Full Gym Leg Day Workout | Alyssa Polisano

Follow along as Primeval Labs athlete Alyssa Polisano takes you through her full gym leg day workout.

This is a high-volume workout designed to work the entire lower body -- hips, hams, glutes, and quads.

Here’s the workout:

Alyssa’s Pre Workout Stack

Mega Pre Red

To help her get amped up for a high volume leg day workout, Alyssa turns to Mega Pre Red.

Mega Pre Red is a delicious-tasting, high energy pre workout supplement formulated to support increased energy, focus, and performance during training. 

Mega Pre Red contains research-backed doses of premium ergogenics such as L-Citrulline, Beta Alanine, and Betaine to enhance cellular hydration, endurance, and muscle pumps.

Alyssa sips on 1 scoop on her way to the gym so that when she enters the gym, she’s ready to hit the ground running. 


Intracell is an ultra-premium Intra workout supplement containing a complementary mix of fast-digesting carbohydrates, essential amino acids, hydration aids, and blood flow support agents.

The collection of performance-boosting nutrients helps combat fatigue and sustain performance during intense workouts.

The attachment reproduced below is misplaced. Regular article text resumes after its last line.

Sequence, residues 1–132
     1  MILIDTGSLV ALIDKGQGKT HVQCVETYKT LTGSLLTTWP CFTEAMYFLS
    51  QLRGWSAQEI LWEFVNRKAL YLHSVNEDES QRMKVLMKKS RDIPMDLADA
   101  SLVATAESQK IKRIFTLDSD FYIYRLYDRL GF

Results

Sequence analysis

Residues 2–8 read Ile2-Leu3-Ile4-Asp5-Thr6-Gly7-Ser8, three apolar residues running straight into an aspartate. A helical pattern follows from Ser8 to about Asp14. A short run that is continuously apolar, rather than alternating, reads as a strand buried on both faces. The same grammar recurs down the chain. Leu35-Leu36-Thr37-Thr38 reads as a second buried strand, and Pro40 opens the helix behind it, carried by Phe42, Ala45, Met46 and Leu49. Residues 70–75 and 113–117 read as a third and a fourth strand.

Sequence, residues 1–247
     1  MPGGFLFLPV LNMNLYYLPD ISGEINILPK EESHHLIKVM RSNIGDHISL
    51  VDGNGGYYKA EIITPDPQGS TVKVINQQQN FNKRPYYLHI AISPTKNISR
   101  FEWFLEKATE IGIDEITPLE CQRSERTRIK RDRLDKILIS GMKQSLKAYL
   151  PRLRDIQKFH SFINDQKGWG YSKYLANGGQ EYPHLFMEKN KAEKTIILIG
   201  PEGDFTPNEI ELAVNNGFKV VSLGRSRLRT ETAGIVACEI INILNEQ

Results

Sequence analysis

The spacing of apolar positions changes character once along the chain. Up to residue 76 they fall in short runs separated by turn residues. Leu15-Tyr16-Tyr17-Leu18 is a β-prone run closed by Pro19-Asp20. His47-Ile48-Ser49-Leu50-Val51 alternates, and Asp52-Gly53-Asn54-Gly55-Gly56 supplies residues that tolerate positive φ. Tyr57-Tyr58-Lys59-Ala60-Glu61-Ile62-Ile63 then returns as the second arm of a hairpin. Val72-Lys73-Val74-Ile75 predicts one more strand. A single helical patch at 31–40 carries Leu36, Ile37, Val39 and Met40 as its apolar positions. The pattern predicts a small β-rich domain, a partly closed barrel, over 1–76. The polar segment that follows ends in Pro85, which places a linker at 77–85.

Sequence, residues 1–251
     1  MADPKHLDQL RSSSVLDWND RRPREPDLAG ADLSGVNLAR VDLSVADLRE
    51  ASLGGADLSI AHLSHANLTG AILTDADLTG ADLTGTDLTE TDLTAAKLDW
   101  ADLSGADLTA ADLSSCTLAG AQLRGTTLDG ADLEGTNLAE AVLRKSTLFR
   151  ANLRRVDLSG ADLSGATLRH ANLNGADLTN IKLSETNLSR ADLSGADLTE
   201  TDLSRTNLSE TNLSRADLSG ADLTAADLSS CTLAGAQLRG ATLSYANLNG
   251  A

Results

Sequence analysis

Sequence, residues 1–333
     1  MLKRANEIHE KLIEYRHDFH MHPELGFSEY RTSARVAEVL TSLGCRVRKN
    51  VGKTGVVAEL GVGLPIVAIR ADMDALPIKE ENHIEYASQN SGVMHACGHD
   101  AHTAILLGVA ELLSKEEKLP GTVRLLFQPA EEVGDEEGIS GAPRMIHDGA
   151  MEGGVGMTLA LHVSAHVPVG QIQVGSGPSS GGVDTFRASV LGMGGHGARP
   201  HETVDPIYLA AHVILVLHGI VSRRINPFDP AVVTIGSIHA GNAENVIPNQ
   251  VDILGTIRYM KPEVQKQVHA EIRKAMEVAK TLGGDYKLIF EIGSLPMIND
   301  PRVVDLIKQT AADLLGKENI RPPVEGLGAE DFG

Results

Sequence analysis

Alyssa sips on Intracell 7 Black during the workout to help keep energy levels high during the workout, support athletic performance, and promote blood flow.

Alyssa Polisano Full Gym Leg Day Workout





2 warm-ups, 3 work sets


Stiff Leg Deadlifts





12-15 / leg

Hip Thrusts



Sissy Squats



*Indicates number of reps per leg for each set

Leg Day Workout Training Tips


Squats for the backbone of many great leg day workouts, and Alyssa’s is no different.

Prior to her working sets, Alyssa performs 2 warm up sets using an empty bar to grease the movement pattern, increase blood flow, and prepare her joints, ligaments, and connective tissue for the heavier work to come.

Alyssa prefers performing high-bar back squats, which helps focus more on the quads and glutes. If you struggle with the bar riding up too high on your shoulders or neck with high-bar squats, take some time to figure out where the bar feels the most comfortably across your traps/upper back based on your anatomy.

Barbell squatting is highly individual, and no two lifters really squat the same due to inter-individual differences in biomechanics, anatomy, and anthropometry. Some individuals might prefer high-bar squats to low-bar squats, or vice versa. 

Additionally, some people just may not be built to squat with a bar on their back, but can do just fine with front squats or goblet squats.

Find the squat variation that works best for your body and your performance goals and get after it!

Stiff Leg Deadlifts

After blasting the quads with squats, Alyssa moves next to an exercise that targets the glutes and hamstrings -- dumbbell stiff leg deadlifts.

When performing stiff-leg deadlifts, make sure to keep the pressure in your heels as you lower the dumbbells to the ground. This helps keep you rooted into the ground as you hinge backward. Allowing the heels to come off the ground increases the chance for your low back rounding, which increases injury risk. It also makes you more likely to lose your balance and fall forward.